By twenties and by tens.
 
“One hundred years,” quoth Keezar,
  “And fifty have I told:
Now open the new before me,
  And shut me out the old!”        100
 
Like a cloud of mist, the blackness
  Rolled from the magic stone,
And a marvellous picture mingled
  The unknown and the known.
 
Still ran the stream to the river,        105
  And river and ocean joined;
And there were the bluffs and the blue sea-line,
  And cold north hills behind.
 
But the mighty forest was broken
  By many a steepled town,        110
By many a white-walled farm-house,
  And many a garner brown.
 
Turning a score of mill-wheels,
  The stream no more ran free;
White sails on the winding river,        115
  White sails on the far-off sea.
 
Below in the noisy village
  The flags were floating gay,
And shone on a thousand faces
  The light of a holiday.        120
 
Swiftly the rival ploughmen
  Turned the brown earth from their shares;
Here were the farmer’s treasures,
  There were the craftsman’s wares.
 
Golden the goodwife’s butter,        125
  Ruby her currant-wine;
Grand were the strutting turkeys,
  Fat were the beeves and swine.
 
Yellow and red were the apples,
  And the ripe pears russet-brown,        130
And the peaches had stolen blushes
  From the girls who shook them down.
 
And with blooms of hill and wildwood,
  That shame the toil of art,
Mingled the gorgeous blossoms        135
  Of the garden’s tropic heart.
 
“What is it I see?” said Keezar:
  “Am I here, or am I there?
Is it a fête at Bingen?
  Do I look on Frankfort fair?        140
 
“But where are the clowns and puppets,
  And imps with horns and tail?
And where are the Rhenish flagons?
  And where is the foaming ale?
 
“Strange things, I know, will happen,—        145
  Strange things the Lord permits;
But that droughty folk should be jolly
  Puzzles my poor old wits.
 
“Here are smiling manly faces,
  And the maiden’s step is gay;        150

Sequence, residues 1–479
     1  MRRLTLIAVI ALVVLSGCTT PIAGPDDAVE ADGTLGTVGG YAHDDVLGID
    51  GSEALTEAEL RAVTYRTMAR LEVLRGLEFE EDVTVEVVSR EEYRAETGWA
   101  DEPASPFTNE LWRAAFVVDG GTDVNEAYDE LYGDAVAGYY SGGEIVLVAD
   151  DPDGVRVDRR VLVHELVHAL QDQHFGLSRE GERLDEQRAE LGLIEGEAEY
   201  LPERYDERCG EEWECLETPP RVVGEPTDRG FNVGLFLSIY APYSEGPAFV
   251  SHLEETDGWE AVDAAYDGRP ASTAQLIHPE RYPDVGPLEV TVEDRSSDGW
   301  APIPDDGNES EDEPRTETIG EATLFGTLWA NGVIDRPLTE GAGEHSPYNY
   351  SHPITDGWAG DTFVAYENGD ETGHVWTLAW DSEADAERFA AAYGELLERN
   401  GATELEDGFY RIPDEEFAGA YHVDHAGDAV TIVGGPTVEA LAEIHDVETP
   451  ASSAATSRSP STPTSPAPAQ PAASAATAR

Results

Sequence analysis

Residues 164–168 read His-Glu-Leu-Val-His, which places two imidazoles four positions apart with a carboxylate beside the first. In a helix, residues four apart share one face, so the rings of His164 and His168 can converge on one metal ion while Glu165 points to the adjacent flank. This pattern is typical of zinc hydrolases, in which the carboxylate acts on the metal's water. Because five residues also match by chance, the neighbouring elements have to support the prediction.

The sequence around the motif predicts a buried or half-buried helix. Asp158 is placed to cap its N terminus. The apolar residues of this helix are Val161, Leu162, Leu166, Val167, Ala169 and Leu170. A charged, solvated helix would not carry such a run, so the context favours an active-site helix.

Nor sad by thinking, nor mad by drinking,
  Nor mopes, nor fools, are they.
 
“Here ’s pleasure without regretting,
  And good without abuse,
The holiday and the bridal        155
  Of beauty and of use.
 
“Here ’s a priest and there is a Quaker,
  Do the cat and dog agree?
Have they burned the stocks for ovenwood?
  Have they cut down the gallows-tree?        160
 
“Would the old folk know their children?
  Would they own the graceless town,
With never a ranter to worry
  And never a witch to drown?”
 
Loud laughed the cobbler Keezar,        165
  Laughed like a school-boy gay;
Tossing his arms above him,
  The lapstone rolled away.
 
It rolled down the rugged hillside,
  It spun like a wheel bewitched,        170
It plunged through the leaning willows,
  And into the river pitched.
 
There, in the deep, dark water,
  The magic stone lies still,
Under the leaning willows        175
  In the shadow of the hill.
 
But oft the idle fisher
  Sits on the shadowy bank,
And his dreams make marvellous pictures
  Where the wizard’s lapstone sank.        180
 
And still, in the summer twilights,
  When the river seems to run
Out from the inner glory,
  Warm with the melted sun,
 
The weary mill-girl lingers        185
  Beside the charmëd stream,
And the sky and the golden water
  Shape and color her dream.
 
Fair wave the sunset gardens,
  The rosy signals fly;        190
Her homestead beckons from the cloud,
  And love goes sailing by.

  1861.
 
Note 1. Dr. John Dee was a man of erudition, who had an extensive museum, library, and apparatus; he claimed to be an astrologer, and had acquired the reputation of having dealings with evil spirits, and a mob was raised which destroyed the greater part of his possessions. He professed to raise the dead and had a magic crystal. He died a pauper in 1608. [back]